Huggers: 'Canvas will be a game changer'
Friday, November 13 2009, 13:38 GMT
By Andrew Laughlin,
BBC director of future, media and technology Erik Huggers has said that IPTV venture Project Canvas will be a "game changer" in the TV industry.
The BBC, ITV, Five and BT joint venture - which aims to create an open standard for IP-enabled TV devices - is currently being reviewed by the BBC Trust.
Speaking at the C21 Future Media conference held last night in London, Huggers claimed that Canvas has the potential to drive forward innovation in the video on demand market, reports the BBC Internet Blog.
"We believe Canvas will be a game changer. It still needs approval by the BBC Trust. If it gets it, what will it mean? Democratised access to the living-room," he said.
"Much more than TV and access to the internet - [it's about] about allowing developers to build apps to reach users. The beauty is that it's all based on internet technology standards."
Huggers then showed a carousel-style demonstration of how Canvas coverage would look for the London 2012 Olympics, including on-screen menus for watch, record and other applications.
On the demo, a BBC Olympics app sat alongside one for sports brand Nike, and Huggers stressed the importance of Canvas supporting commercial transactions "from day one".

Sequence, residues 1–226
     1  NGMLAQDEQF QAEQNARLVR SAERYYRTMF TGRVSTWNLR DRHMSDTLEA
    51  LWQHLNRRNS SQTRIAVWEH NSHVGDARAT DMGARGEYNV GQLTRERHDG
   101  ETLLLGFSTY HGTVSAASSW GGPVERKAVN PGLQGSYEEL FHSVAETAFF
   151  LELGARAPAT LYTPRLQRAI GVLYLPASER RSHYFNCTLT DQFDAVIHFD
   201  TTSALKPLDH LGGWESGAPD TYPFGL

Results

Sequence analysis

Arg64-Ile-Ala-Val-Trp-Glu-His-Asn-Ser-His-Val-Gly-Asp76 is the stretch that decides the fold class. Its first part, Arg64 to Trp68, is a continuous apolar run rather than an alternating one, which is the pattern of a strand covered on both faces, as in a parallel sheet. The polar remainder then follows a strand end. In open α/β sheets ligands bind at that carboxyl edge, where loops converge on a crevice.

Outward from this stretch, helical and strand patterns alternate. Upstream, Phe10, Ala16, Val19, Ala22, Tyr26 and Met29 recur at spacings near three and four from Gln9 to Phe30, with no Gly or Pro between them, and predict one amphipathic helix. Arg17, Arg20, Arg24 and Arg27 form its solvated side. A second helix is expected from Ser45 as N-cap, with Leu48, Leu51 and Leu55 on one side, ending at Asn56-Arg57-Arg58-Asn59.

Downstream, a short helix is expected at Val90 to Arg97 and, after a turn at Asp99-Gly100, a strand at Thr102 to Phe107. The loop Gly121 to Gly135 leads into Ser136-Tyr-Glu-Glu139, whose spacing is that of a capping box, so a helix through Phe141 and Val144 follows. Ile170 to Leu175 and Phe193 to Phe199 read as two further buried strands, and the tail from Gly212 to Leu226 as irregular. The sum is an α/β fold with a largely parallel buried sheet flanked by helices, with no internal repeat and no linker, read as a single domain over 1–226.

As there will be over 5,000 hours of coverage from the Games, Huggers said that this would be far too much to show on linear channels, so the web will prove invaluable to bridge the gap.
Should the Trust give its approval for Canvas, Huggers called for all industry stakeholders to work effectively with the Digital Television Group to help drive forward the initiative.
Earlier this week, the House of Lords communications committee called on culture secretary Ben Bradshaw to "strong arm" the Competition Commission into green-lighting Canvas when it comes up for approval.
As the commission blocked previous IPTV venture Project Kangaroo, fears are growing that the same will happen with Canvas.
When asked about this danger, Huggers said: "Internet will come to TV whatever happens. If Canvas doesn't happen, it'll be a fragmented market.
"For start-ups, there'll be the additional costs of reformatting for each different platform versus an open standard."